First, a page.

(some) Reasons why it’s so hard to talk mental health

Something I have struggled with for the last few years of, frankly, very poor mental health, is how to explain the why of some of the difficulties I have with mental health. It’s particularly grated because – as I’ve finally been able to piece together – the problem affects my ability to talk about it to help me work out the issue. As I’ve found with a lot of mental health issues, they are very ‘cunning’ in how they make themselves self perpetuating.

Now I guess I need actually try to explain myself. Obviously, this all applies to my personal experience with depression/anxiety – and no two people are the same, although there’s often similarities.

My issue has been an overriding need to not be noticed – in pretty much every part of my life – at least excepting those times I ‘choose’ to. That means when I do something to help someone, I’m not interested in anything more than a passing ‘thanks’. It’s partly just being Very British™, but pushed to an extreme it never used to be. It’s been most painfully noticeable for me when it comes to the simplest of things – things which I’ve admittedly struggled to do since my brain fell apart, but in a way that’s half the problem. I know they shouldn’t be a big deal, and although they’ve turned into such for me, the last thing I want to be reminded of is that they are a big deal.

An example, in the hope of making some amount of sense. Doing the washing up – admittedly I’ve always been one of the last to think it needs doing, but also I prefer to do a few big sessions than lots of itty-bitty wash ups(?!). Inevitably, summoning the willpower to do this simple task has got much harder due to brain shenanigans, but still possible with time and focus and a good day all falling into place. However, one of the things that often holds me back is a substantial fear of it being noticed in some way. Which is patently ridiculous, but nonetheless a fact of my experience. If I could have a secret hideaway in which to magically do things with no-one any the wiser I would be a much happier man.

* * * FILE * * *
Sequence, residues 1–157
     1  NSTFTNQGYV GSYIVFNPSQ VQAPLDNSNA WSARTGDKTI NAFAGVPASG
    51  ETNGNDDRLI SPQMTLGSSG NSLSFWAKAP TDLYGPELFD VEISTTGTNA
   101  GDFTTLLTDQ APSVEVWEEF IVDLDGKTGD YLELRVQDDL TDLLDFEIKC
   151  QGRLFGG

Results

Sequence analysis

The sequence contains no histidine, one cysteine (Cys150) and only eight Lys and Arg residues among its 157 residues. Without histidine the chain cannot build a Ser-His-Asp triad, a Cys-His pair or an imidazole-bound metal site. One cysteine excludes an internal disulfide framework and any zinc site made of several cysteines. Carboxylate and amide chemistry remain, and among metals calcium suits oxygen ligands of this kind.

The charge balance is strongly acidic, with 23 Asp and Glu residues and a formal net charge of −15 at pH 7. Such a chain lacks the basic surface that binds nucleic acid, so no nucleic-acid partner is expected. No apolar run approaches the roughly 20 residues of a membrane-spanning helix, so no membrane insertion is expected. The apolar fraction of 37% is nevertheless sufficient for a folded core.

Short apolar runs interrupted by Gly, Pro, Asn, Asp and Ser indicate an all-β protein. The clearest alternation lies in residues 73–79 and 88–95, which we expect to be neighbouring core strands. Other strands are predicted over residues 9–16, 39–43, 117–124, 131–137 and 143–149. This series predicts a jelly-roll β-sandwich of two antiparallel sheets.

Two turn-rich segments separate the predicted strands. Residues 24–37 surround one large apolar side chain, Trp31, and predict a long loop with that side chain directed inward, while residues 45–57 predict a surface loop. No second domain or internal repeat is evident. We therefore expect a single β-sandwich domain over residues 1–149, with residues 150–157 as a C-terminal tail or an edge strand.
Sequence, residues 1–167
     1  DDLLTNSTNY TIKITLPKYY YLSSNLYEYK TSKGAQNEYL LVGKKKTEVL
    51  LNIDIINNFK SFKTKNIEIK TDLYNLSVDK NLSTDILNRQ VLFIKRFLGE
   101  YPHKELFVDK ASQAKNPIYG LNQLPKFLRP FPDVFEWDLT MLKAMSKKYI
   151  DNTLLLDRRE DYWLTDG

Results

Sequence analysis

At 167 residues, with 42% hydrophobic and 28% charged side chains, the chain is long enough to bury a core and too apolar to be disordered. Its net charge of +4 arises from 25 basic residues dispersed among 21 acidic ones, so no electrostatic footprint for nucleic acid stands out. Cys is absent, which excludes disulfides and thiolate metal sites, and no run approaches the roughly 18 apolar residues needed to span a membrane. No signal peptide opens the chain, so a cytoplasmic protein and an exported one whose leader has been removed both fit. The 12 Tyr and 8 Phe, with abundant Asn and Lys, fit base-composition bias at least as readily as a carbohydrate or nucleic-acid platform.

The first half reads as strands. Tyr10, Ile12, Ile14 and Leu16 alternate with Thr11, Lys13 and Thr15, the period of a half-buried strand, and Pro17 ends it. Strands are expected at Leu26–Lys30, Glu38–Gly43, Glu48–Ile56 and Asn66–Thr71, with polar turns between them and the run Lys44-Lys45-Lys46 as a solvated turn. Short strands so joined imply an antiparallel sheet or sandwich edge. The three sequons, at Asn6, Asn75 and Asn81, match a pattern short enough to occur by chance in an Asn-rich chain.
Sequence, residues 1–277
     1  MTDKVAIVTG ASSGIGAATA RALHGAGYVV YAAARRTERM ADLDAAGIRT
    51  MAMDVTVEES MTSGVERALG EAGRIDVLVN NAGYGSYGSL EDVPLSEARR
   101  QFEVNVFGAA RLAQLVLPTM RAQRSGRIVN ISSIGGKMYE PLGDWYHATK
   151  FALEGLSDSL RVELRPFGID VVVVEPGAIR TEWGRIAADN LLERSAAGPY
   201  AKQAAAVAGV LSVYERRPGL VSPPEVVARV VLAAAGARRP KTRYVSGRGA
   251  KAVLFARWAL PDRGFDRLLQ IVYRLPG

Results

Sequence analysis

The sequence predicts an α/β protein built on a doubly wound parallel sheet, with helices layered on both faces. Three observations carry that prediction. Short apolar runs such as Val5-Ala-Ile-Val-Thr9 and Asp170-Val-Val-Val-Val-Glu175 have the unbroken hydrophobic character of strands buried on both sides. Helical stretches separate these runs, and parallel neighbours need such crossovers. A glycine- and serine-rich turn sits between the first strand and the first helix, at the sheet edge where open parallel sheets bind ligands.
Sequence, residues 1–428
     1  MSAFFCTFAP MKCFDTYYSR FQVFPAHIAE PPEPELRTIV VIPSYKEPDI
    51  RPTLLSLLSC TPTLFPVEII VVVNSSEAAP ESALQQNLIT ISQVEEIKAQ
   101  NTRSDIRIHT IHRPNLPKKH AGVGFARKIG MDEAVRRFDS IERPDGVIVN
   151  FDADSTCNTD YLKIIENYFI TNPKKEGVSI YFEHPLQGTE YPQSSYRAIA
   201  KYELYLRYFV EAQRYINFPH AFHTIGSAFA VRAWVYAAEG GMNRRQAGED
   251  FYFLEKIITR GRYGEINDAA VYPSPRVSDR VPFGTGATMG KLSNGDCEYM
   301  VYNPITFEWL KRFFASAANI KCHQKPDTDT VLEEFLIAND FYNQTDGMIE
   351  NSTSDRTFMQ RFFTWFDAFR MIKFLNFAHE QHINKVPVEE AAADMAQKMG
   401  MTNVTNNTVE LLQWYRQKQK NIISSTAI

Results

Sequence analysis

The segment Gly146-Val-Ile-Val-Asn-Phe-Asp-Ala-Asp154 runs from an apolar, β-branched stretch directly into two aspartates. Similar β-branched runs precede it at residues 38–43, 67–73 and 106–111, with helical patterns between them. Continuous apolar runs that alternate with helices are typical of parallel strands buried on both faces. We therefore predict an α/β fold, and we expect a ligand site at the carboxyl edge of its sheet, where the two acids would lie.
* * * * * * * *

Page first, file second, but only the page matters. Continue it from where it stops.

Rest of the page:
This might not be too big an issue, except I haven’t been living alone, and talking about the need to not be noticed is much harder than just doing the thing at a time when no-one’s around. I think why I’ve finally been able to put the words together now is that lock-down has forced me to work out what the problem actually is to try and work around it. There’s no longer any time when no-one is home but me. Hell, with the house design there’s effectively only one room that’s not a bedroom or bathroom (there’s windows in the wall between living room and kitchen). This means that I often go into shell mode and shut down before getting anything done, or even planning to. 

This need to be able to spend time unnoticed has definitely been a significant wearing factor during lock-down. Made worse by the fact that any attempt to talk about is specifically triggering to the issue at hand. I’m reluctant to even post this, because it’s obviously calling attention to myself in a manner I can’t control – it’s difficult to bring something like this up and then expect people to ignore you, but that’s just what I need. Get this off my chest, and carry on like nothing happened. 

Maybe not an ideal way to deal with it, but given I can’t get therapy until after lock-down (phone/online doesn’t work for me), it’s about the best ‘solution’ I’ve been able to think of.

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